News, Urban Design and Art

Riddles in stone: Graffiti in Vancouver’s DTES

Graffiti has been with us for thousands of years. These photos (scroll down below) are originals of some of the incredible graffiti here around Vancouver’s Victory Square Park. The DTES is peppered with amazing murals that tell a story of the urban culture that continues to organically define this part of the city. This intro to the history of the art form is taken from a guest column that HxBIA Executive Director Wes Regan wrote in Vancouver Lifestyles Magazine: The word graffiti comes from the Latin term graffiato which essentially means to “scratch” into a surface, often revealing a pigment underneath or simply etching something deep enough in situ that it can convey a message for long to come, often done in ruins and holy places throughout the ancient world and pre-neolithic age cave dwellings. So really, graffiti is one of the oldest forms of human art, period. But for the sake of context I’d like to look at graffiti in its urban sense, and more specifically modern urban expressions.

The earliest forms of urban graffiti are found in the ancient cities of the Greek and Roman empires, and were not dissimilar from graffiti seen today content-wise. Sometimes they were declarations of love, or poems, political statements or even directions to a place or person. Compared to the types of street art or graffiti we see today the messages or statements would have been far more simplistic though. Take the style of Banksy for example, his images go beyond double entendre and manage to hit on a number of truisms, ironies or associations that reflect the current tension of urban communities, communities of identity (say middle-class generation X for example) globalization and financial, legal and cultural institutions. Not that the graffiti of ancient Rome wouldn’t have included similar observations about the relationships between the civitas and political elite or other structural and social phenomena but the complexity of 21st century Western Society is reflected in the complexity of the street art like Banksy’s that names it, critiques it, or outright challenges it. To do this an incredible amount of cleverness, knowledge of symbol, power dynamics, popular culture, and meme construction is needed.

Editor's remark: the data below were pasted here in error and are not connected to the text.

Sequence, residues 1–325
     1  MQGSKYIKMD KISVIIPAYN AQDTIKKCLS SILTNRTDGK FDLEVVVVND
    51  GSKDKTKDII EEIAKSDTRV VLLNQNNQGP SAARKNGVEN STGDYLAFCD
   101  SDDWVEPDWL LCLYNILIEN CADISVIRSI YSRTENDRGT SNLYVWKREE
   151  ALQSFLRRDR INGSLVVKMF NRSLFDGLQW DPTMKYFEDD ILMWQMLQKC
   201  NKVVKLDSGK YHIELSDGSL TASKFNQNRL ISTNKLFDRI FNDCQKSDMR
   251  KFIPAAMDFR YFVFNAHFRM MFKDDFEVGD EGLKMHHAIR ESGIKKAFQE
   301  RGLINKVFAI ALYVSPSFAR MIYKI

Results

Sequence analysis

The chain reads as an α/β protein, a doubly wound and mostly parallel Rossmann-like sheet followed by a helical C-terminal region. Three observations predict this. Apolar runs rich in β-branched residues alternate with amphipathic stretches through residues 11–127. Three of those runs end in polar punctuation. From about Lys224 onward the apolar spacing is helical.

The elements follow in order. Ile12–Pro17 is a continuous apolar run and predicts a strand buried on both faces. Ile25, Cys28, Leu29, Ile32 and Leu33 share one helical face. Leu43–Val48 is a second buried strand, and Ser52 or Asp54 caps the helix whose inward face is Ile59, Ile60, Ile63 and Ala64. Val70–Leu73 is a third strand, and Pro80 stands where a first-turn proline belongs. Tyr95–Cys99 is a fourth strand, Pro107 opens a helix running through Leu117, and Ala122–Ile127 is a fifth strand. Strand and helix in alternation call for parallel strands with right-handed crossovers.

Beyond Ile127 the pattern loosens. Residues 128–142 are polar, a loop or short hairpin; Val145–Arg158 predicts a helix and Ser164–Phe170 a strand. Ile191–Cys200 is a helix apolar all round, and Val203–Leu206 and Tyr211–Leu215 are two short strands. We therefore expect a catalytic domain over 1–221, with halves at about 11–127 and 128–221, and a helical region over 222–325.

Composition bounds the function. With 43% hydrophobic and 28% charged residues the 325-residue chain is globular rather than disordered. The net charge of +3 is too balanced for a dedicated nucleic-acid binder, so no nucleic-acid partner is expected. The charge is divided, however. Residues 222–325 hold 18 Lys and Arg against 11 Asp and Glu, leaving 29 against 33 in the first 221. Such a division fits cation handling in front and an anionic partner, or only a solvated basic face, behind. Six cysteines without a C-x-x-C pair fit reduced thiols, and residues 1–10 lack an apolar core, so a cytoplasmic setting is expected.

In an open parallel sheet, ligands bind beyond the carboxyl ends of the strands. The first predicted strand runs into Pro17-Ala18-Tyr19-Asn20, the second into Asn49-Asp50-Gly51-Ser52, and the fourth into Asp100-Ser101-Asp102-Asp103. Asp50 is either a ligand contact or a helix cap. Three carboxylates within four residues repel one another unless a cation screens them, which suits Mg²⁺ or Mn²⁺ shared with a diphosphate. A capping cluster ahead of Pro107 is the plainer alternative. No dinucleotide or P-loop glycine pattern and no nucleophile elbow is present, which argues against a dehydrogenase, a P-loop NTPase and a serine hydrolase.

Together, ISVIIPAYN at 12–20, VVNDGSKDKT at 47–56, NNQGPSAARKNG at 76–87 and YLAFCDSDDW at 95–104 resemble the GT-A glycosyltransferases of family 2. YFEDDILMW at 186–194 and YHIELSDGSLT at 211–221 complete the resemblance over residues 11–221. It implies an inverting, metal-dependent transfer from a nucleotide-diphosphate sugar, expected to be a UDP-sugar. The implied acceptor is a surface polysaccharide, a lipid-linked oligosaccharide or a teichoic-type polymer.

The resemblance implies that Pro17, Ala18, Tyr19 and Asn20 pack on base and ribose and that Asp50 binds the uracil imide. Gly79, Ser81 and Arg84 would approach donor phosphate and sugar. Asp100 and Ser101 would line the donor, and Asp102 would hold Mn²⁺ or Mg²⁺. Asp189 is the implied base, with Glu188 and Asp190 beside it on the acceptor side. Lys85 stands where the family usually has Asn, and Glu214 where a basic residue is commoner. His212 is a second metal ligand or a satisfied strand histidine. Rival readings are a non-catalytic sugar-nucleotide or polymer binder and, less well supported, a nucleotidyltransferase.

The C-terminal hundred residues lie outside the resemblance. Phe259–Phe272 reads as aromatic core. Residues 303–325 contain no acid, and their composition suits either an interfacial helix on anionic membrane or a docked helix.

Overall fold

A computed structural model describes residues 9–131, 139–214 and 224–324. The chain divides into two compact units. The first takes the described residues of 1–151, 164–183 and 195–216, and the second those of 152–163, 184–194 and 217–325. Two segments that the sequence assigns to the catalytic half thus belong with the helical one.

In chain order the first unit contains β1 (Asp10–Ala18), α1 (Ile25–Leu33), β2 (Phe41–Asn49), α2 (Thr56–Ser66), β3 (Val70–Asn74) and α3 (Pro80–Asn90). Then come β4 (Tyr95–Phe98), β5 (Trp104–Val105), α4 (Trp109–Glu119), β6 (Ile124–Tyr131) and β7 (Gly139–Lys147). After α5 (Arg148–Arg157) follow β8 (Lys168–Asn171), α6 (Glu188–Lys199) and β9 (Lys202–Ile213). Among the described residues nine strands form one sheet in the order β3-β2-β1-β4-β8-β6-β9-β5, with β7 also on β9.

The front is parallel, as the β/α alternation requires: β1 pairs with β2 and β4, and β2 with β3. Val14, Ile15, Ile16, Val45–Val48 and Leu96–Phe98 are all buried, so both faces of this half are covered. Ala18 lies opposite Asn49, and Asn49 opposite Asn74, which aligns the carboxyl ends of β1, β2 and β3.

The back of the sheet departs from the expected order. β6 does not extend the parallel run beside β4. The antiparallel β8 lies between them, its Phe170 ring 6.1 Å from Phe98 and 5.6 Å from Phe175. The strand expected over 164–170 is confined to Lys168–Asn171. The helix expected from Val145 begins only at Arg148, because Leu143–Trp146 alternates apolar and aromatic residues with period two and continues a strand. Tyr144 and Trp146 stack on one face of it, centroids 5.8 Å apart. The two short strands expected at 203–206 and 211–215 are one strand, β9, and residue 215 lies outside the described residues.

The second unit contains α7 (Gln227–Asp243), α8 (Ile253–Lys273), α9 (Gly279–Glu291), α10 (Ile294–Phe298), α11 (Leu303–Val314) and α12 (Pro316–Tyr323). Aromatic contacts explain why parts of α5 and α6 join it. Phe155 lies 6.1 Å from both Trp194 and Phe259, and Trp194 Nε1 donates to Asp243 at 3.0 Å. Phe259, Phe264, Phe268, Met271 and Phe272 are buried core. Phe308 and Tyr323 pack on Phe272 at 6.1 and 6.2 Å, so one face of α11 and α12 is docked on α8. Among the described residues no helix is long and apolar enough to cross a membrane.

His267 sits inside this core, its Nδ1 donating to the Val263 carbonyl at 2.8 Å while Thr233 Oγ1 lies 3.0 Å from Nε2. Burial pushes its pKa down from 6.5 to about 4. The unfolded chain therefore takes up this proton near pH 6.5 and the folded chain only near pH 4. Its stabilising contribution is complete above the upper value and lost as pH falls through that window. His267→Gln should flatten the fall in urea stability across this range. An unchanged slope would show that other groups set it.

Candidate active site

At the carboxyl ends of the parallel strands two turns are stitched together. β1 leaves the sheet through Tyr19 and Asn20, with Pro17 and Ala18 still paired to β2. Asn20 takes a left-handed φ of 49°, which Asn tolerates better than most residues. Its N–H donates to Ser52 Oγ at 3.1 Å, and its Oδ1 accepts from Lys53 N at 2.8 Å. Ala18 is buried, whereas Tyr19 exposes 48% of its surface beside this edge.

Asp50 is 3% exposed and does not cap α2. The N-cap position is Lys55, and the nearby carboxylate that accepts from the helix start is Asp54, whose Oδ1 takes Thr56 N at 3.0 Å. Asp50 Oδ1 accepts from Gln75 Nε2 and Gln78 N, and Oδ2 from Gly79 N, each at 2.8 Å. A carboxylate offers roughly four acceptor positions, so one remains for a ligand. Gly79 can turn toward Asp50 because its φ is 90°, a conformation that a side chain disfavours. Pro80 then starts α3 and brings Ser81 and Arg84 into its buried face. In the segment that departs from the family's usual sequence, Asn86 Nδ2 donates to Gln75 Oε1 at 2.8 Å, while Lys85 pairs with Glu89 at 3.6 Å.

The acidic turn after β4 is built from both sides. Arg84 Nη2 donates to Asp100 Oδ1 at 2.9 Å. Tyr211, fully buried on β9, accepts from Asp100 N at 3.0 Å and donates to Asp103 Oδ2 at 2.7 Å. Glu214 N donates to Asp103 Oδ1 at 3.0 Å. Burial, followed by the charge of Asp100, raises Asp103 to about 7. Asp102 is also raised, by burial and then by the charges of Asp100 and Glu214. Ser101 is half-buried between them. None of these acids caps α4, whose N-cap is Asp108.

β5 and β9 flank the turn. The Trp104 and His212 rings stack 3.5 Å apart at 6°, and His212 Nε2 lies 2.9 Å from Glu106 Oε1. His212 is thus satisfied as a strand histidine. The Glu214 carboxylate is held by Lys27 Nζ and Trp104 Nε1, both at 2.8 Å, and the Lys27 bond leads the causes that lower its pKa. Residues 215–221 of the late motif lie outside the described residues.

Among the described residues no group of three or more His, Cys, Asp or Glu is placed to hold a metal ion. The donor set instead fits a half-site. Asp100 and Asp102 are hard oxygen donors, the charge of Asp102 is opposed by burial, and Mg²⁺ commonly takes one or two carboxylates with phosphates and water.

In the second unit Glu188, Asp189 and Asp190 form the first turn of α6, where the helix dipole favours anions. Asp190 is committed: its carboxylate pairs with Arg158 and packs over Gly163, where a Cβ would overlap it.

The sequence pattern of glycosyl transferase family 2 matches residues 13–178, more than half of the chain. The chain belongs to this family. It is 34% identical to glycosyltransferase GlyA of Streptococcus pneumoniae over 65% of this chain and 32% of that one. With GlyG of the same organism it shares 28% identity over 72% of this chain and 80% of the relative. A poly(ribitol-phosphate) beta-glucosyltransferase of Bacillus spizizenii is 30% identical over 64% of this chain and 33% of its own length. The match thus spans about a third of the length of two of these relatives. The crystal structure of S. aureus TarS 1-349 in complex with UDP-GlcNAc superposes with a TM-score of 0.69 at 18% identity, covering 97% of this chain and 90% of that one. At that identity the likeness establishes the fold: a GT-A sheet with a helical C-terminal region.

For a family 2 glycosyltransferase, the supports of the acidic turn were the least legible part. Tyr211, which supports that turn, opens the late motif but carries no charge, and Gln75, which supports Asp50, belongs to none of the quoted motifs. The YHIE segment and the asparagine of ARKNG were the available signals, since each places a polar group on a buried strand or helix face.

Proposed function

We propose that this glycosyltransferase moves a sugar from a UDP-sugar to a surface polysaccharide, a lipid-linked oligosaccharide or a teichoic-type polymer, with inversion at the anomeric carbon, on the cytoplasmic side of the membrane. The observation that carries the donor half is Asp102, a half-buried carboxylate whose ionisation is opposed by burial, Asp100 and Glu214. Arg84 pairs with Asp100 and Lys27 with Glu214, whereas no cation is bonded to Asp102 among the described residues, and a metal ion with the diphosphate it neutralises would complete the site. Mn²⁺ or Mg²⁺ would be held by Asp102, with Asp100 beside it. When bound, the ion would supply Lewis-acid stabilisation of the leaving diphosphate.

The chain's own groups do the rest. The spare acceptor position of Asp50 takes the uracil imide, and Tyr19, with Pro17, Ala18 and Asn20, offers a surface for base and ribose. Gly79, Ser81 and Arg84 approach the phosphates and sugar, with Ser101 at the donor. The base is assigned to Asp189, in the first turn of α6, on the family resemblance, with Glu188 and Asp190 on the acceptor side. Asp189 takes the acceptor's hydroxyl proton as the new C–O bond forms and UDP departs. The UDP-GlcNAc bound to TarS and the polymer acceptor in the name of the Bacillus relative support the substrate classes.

The urban environment is a living canvass, nowhere in Vancouver is this better demonstrated than the DTES. I encourage you to take a stroll through the alleys and walls near Victory Square park to discover this yourself if you already haven’t.

For more on graffiti and on other urban forms of expression visit the entire post at Vancouver Lifestyles.

Here are more photos of Graffiti around the HXBIA catchment area in the DTES. Excuse the whacky layout issues.



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